Here's Why the Washington Monument Went Dark

An investigation into a temporary overnight blackout at the Washington Monument in D.C. has revealed it was caused by a "faulty timeclock," its caretakers have said.

National Park Service (NPS) officials, who look after national monuments, launched the probe into the issue after social media users shared photographs of the obelisk in the dark overnight on Sunday.

In a statement on Monday, the service said the timeclock was behind the problem and that the lights would be switched on manually until it is replaced.

"The lighting outage at the Washington Monument was caused by the failure of the timeclock that turns the lights on each evening and off in the morning," it said.

"While the faulty timeclock is being replaced, the lights will be operated manually to ensure the monument is lit each night."

Last night’s lighting outage at the Washington Monument was caused by the failure of the timeclock that turns the lights on each evening and off in the morning. While the faulty part is being replaced, the lights will be operated manually to ensure the monument is lit each night. pic.twitter.com/TIJLrKT5AO

— National Mall NPS (@NationalMallNPS) January 25, 2021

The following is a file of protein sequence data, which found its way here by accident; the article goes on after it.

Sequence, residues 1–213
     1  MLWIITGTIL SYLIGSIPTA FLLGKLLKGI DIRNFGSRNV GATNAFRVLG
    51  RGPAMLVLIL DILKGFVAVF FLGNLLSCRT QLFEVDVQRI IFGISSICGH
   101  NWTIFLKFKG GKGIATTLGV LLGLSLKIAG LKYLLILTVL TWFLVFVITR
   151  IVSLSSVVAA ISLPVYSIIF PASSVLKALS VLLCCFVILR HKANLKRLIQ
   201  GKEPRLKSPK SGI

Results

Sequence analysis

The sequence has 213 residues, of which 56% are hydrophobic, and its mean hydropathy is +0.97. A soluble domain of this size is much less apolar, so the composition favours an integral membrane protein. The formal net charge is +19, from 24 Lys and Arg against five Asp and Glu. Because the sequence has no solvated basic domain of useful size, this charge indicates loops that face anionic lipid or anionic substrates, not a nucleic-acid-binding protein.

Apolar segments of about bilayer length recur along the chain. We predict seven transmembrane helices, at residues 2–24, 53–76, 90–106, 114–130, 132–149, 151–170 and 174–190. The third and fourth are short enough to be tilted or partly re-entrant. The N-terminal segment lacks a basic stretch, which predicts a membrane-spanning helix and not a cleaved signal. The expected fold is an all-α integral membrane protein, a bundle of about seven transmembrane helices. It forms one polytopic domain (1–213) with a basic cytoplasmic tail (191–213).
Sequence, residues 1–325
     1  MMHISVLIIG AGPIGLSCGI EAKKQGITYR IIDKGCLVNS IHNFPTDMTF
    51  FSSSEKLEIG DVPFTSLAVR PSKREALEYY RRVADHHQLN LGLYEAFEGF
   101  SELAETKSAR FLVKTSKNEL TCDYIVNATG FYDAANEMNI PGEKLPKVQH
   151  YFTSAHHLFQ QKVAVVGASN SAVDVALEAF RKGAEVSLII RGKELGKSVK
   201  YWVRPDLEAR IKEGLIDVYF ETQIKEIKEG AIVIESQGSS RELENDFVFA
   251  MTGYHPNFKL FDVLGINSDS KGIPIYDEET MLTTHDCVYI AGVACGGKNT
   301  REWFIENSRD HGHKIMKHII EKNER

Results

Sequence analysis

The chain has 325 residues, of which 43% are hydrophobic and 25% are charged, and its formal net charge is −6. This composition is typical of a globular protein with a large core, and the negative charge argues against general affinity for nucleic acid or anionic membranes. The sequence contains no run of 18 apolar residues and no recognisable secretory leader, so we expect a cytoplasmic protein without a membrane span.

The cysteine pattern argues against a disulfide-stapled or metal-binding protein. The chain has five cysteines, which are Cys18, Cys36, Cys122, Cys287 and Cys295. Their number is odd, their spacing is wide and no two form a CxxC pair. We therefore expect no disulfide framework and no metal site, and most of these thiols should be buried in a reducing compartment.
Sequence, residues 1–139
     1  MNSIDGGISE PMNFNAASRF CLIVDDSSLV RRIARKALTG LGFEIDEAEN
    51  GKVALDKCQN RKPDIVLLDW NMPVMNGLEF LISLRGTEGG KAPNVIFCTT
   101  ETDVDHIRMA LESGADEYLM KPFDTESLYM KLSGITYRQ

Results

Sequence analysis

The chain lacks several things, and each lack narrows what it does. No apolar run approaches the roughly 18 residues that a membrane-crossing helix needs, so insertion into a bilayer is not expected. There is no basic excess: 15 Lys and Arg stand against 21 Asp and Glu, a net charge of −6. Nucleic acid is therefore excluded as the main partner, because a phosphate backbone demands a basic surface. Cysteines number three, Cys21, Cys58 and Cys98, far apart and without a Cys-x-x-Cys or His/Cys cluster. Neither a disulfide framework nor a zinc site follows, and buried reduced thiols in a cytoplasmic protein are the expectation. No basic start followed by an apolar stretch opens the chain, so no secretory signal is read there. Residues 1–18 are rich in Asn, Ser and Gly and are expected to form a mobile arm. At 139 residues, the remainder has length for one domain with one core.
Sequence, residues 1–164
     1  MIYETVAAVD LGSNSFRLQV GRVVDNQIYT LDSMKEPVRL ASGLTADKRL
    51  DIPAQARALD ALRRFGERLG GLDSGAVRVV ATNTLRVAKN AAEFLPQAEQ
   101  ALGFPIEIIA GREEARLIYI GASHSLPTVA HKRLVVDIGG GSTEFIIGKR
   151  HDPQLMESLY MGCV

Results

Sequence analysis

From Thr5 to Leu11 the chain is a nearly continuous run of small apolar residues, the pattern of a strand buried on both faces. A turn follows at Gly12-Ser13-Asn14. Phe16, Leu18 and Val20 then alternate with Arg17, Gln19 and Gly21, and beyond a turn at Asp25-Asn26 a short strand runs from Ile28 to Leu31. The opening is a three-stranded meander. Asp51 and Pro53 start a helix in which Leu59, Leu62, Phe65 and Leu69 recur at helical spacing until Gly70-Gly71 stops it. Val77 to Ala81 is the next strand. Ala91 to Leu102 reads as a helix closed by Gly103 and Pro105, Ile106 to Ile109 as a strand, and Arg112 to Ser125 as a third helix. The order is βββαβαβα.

Officials had already confirmed there was a problem at the 555 foot (169 meter) tower.

"The exterior lights of the Washington Monument are currently out," it tweeted in the early hours of Monday. "We are investigating and will have them restored as soon as possible."

Pictures posted on Twitter and local media reports suggested the issue had not affected the red-flashing lights that alert aircraft pilots of its presence.

WUSA9 anchor Lorenzo Hall was among those to share a picture of the monument shrouded in darkness in the National Mall, a sight he described as "Creepy!"

Creepy! No lights on the Washington Monument tonight. @NationalMallNPS trying to figure out why... @wusa9 pic.twitter.com/RtQCMcddyf

— Lorenzo Hall (@LorenzoHall) January 25, 2021

The monument was closed on January 11 ahead of Joe Biden's inauguration ceremony nine days later. That closure has been extended "to protect staff and visitors from the spread of COVID-19," NMMP announced on Saturday.

Problems with the lighting and the closure of the monument site are not thought to be linked, Baltimore TV news station WJZ-TV reported on Monday.

The monument, a tribute to former President George Washington, was designed by Robert Mills and completed by Thomas Casey and the U.S. Army engineers.

According to the NPS' official website, Mills had intended the structure to stand 600 feet tall, but Casey made the height of the structure ten times the width of the base,

"The structure was completed in two phases of construction, one private (1848-1854) and one public (1876-1884)," the website's entry on the monument reads.

"Built in the shape of an Egyptian obelisk, evoking the timelessness of ancient civilizations, the Washington Monument embodies the awe, respect, and gratitude the nation felt for its most essential Founding Father."

A three year project to repair the tower was completed in 2014 after an earthquake of magnitude 5.8 struck about 90 miles southwest of Washington, D.C. in 2011.

Washington Monument seen at dusk
File photograph shows the Washington Monument from the U.S. Capitol building at dusk on January 16, 2021 in Washington, D.C. Engineers are working to fix a faulty timeclock at the tower. Samuel Corum/Getty